Top HR and Talent organizations, not only recognize the need for a vibrant new onboarding process, they are spending the time to assess and design a powerful experience for all internal clients.

The More Things Change… the More We Need to Lean on the Fundamentals

I recently came across this article written nearly 10 years ago. In some ways it felt a bit quaint, but I was struck by how applicable the ideas were to not only this decade, but to our current Covid business reality. Enjoy.

Results-Based Performance in a Virtual World

This posting is co-written with my colleague Stefanie Heiter, CEO, Bridging Distance.

In the emerging virtual workplace, do you miss the comfort of walking by an employee’s desk and feeling confident she or he is working hard and doing a good job? If you can’t see them working, do you wonder what they are really doing? Are you baffled by how to set expectations that will drive results when you are not working in the same place? Are you concerned about whether your talent has the right competencies to hit the ground running when it all turns around?

Today’s workplace is characterized by people working in dispersed locations, within matrixed structures, with colleagues from multiple functions – even multiple organizations. Gone are the days when high performance was assessed by how much time someone ‘put in’ at the office. We are less likely to be ‘going to work’ and more likely to be ‘working’. Technology affords 24/7 access from almost anywhere. ‘Do more with less’ is now a mantra heard across countless companies via all communication media.

Despite these changes, managers are still expected to manage performance, regardless of location, time zone, function, or even language barriers, and often in the face of decreased budgets and reduced labor force. Successful managers have learned to overcome the challenges of virtual leadership, and move to results-based performance management. Here are strategies and tips successful virtual leaders use to create an effective results-based performance management approach:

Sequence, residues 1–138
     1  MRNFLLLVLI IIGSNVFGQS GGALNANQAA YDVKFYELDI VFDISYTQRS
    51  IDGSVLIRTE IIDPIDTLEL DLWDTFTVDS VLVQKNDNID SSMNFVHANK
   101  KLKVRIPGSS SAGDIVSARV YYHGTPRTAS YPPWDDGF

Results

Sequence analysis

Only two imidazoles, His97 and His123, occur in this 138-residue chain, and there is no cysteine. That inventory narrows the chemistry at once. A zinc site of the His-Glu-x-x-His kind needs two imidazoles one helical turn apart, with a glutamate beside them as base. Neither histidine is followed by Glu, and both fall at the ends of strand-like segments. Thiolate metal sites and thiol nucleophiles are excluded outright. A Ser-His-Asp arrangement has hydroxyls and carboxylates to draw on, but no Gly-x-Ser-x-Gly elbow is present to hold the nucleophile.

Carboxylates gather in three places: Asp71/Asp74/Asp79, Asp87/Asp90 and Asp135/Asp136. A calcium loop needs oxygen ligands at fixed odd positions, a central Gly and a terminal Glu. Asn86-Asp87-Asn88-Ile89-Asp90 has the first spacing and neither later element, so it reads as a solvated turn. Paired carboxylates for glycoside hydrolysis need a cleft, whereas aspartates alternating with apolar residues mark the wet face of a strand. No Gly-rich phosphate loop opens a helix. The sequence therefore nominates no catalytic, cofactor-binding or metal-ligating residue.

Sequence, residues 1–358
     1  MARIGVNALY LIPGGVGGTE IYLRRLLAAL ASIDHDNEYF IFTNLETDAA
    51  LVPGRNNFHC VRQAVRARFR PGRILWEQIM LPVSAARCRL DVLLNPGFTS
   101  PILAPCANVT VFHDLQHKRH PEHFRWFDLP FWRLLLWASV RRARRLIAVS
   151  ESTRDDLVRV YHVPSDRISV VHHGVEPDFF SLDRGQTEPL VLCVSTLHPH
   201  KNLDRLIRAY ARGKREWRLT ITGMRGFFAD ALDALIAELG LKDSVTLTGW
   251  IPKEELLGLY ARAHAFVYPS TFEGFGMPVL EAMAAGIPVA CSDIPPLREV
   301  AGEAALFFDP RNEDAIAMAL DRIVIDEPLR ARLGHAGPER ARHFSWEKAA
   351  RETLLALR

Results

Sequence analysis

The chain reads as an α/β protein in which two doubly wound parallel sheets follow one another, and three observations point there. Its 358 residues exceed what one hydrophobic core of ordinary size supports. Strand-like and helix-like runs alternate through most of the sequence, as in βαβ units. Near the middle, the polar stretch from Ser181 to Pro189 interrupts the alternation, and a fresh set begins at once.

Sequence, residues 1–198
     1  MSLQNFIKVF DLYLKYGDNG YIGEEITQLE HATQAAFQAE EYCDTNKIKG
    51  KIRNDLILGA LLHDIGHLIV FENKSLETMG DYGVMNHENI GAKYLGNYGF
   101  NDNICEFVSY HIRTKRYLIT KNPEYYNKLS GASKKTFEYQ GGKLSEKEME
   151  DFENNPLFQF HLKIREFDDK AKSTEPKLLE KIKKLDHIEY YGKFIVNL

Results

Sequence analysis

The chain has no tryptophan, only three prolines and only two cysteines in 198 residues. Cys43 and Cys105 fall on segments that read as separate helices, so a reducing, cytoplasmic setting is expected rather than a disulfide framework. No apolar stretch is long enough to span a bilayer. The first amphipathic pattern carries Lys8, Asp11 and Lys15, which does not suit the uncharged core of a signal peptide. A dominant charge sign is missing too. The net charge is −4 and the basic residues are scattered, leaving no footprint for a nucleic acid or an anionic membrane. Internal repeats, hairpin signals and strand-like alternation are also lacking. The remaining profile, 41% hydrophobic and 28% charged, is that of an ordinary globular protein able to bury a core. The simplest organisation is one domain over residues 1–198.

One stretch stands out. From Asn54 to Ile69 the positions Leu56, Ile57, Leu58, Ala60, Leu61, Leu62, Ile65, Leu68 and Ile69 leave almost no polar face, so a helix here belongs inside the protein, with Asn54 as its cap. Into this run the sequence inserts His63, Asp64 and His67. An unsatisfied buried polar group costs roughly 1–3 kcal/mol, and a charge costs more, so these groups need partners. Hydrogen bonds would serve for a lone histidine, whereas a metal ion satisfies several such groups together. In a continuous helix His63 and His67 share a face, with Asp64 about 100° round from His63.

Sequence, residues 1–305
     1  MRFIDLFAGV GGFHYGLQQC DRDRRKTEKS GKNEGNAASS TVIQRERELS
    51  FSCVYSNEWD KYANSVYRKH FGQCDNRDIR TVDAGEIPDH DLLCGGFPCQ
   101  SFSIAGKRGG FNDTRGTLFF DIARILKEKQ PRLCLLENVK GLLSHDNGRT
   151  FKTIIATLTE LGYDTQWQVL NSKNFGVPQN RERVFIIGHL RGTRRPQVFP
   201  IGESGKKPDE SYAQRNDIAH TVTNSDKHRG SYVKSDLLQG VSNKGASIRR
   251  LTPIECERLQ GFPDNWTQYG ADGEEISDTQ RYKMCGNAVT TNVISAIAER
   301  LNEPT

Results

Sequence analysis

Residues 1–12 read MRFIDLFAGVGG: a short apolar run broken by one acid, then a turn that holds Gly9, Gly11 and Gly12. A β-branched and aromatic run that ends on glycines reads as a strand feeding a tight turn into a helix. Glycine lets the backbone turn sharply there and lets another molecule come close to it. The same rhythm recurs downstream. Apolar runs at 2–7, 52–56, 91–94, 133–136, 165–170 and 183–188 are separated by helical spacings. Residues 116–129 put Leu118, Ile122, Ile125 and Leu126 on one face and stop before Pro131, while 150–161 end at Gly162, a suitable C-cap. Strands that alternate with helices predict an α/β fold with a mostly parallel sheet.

Focus first on intentional, consistent relationship building. Create presence with employees by checking in (not checking on) frequently. Use more real-time technologies like telephone, instant messenger, chat, or text. When you check in, ask questions focused on getting to know their locations, resources that are needed, what else is happening, sharing information and decision-making whenever possible, and asking about their lives. Presence involves being available to people so they don’t have to make up reasons to be in contact.

Slow down to speed up. Take time upfront to define how you are going to stay in touch, share status, keep people in the loop, and when and how you will ‘meet’. Considerations here are protocols for high use technologies such as email (i.e., names in ‘to’ line means action required whereas ‘cc’ line means information only, when to ‘reply’ versus ‘reply to all’). It means agreements about when and when not to use technologies, defining who should be included and NOT included in particular categories of information and meetings.

Discuss both the ends and the means. Clearly understand the expectations you have of the individual. What does success look like? Make sure your definitions of success focus on the results the individual is achieving, not just the activities. Think about using the SMART criteria – specific, measurable, attainable, relevant and time bound – to both set and communicate goals. A goal of “Have 5 customer satisfaction meetings each month’ focuses on what you want someone to do. The goal “Increase annual customer satisfaction by 10% through improvements identified in customer satisfaction meetings” focuses on the result.

Another thing to think about is how the individual will achieve the goal. What behaviors will they exhibit? When people work virtually, they don’t have the opportunity to learn the culture and the way things get done. Explicitly help them understand what works and what doesn’t in your organization. How are people expected to behave? How should they be working with others to meet their goals? Sharing stories of how others have been successful is a powerful tool for communicating expectations. It paints a picture of the type of results and behaviors you expect.